On the evening of Thursday, April 11th, students, Looking Glass staff, board members, and local artists gathered in the quaint gymnasium of Riverfront School and Career Center for the inaugural Riverfront Art Walk. Over 100 submissions of student artwork were displayed in the gym-turned-gallery. A steady stream of engaged patrons flowed through the space, taking their time to observe the stunning art pieces.
Two of the artists, Alexis Britt and Nick Campbell, graciously agreed to be interviewed about their art and their experience as students at Riverfront.
Meet Nick. Nick Campbell, a senior at Riverfront, is a person who sees technicolored beauty in oily, rain-soaked asphalt.
Nick started attending Riverfront at the beginning of his sophomore year, when he moved up to Eugene from California to live with his older siblings after his mother was diagnosed with cancer. His mom lost her battle with the disease right around Thanksgiving of 2017. “There wasn’t a whole lot to be thankful for that year,” Nick shared. Despite the difficult circumstances, Nick began to thrive living in Eugene and attending Riverfront School. “People are nice here,” he exclaimed, speaking both about Eugenians in general, and the students and staff at Riverfront.
Nick is on track to earn his diploma next fall, at which point he will enroll in Job Corps. Once in the program he will be furthering his education in either automotive repair or culinary arts, both interests of his. Right now it seems he’s leaning towards culinary arts. Though he prefers baking, his interest in cooking was further sparked by participating in the Riverfront Culinary Arts Program. When he completes the program he plans to return to Eugene, at which point the program will help connect him with both employment and housing. He made the decision to enroll in Job Corps a few weeks prior to the Art Walk. He feels optimistic, excited, and a sense of relief by having a clearly defined vision of his future. Much like the colorful pathway he captured in a digital photograph displayed at the Art Walk, his future pathway is looking bright.
Meet Alexis. Alexis, a junior at Riverfront, transferred from Willamette High to Riverfront her sophomore year. She was having a hard time at Willamette, making it difficult to maintain good attendance. At Riverfront, she is thriving. Everything related to art is her favorite subject in school. She is inspired by Picasso’s Blue Period, explaining that the Blue Period involves a series of paintings produced when the famous artist was going through a hard time for a few years.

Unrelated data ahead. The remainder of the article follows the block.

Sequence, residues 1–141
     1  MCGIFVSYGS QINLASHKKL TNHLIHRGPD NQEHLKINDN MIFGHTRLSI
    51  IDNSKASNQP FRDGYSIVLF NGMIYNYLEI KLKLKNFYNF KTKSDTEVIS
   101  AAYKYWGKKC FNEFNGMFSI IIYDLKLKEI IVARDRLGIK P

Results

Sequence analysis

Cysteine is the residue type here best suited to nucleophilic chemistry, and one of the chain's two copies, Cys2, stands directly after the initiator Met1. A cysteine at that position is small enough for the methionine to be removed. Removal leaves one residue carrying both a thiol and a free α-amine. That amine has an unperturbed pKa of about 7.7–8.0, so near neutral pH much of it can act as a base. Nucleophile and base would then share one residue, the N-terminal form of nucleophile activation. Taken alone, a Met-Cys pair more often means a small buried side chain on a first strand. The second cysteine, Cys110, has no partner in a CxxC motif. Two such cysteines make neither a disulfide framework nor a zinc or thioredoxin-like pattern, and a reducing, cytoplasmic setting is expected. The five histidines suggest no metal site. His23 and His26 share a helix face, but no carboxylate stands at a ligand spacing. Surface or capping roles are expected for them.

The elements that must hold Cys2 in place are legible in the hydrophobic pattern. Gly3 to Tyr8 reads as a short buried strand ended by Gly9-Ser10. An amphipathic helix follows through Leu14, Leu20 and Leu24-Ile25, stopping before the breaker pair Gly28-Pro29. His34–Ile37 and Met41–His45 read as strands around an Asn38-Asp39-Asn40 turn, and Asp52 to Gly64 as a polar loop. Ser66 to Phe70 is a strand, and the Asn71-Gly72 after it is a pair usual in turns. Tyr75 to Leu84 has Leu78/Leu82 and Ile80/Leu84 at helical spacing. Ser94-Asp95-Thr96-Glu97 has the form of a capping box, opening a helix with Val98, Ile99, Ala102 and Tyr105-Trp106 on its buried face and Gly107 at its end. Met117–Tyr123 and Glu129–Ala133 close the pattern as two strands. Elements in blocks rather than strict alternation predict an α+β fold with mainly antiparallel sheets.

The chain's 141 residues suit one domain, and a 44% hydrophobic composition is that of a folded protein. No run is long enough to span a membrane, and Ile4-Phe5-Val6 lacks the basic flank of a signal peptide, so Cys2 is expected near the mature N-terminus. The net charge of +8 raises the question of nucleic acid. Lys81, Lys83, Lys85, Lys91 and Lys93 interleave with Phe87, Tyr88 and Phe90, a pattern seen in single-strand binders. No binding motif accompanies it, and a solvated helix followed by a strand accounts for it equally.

She explained that the piece above actually started out as a school worksheet. She enjoys doodling and liked where this particular drawing was going so she decided to complete the piece with some paint.
She spent most of her spring break creating this one of a kind acrylic on canvas, featuring some of her favorite symbols: skulls, wolves, triangles, roses, and fire.
Upon graduating, Alexis plans to attend a tattoo academy and aspires to open up her own tattoo shop in the future. She would prefer to open a shop somewhere other than Eugene. “It’s too crowded here. I’d prefer to live somewhere more spread out, where I can be closer to nature. Nature is inspiring to me,” she said decisively.
Nick and Alexis are just two of the hundreds of amazing youth served by Riverfront annually. Riverfront provides alternative education and vocational training to at-risk youth who face multiple barriers and have slipped through the cracks in the conventional education system. The vast majority of our students and program participants have endured through significant histories of trauma and socioeconomic barriers. The trials and tribulations these youth face are very real, and many of the art pieces captured raw emotions undoubtedly felt by the youth.
While many of the works had dark undertones, there were also many pieces that evoked sentiments of resiliency, and the strength to overcome hardships.
That is what Riverfront is all about. Uplifting and empowering at-risk youth by providing them with the tools necessary to overcome adversity.
The inaugural Art Walk was the brain child of Cheryl Shaw, the College and Career Readiness Coordinator for Riverfront School. Deanna Goodrich teaches classes related to the arts, including art history and digital photography. Her classroom walls were quickly becoming filled with student art pieces, and she thought that the impressive works should be admired by more than just those who visit her classroom. Cheryl had the idea to open it up to all youth served at Riverfront, not just the students, such as the youth who participate in the Job Training Program and Independent Living Program. “I just thought, we need to get more people through our doors. People should come and see for themselves what Riverfront does and who we serve,” explained Cheryl.
Youth who wanted to participate were provided a canvas, and the idea caught like wildfire. Deanna shared, “We were honestly surprised by the amount of youth who wanted to participate. We had to keep going out to purchase more canvases!”
A big thank you to Nick and Alexis for agreeing to be interviewed, Deanna and Cheryl for planning such a wonderful event, and all the youth who submitted their inspiring artwork.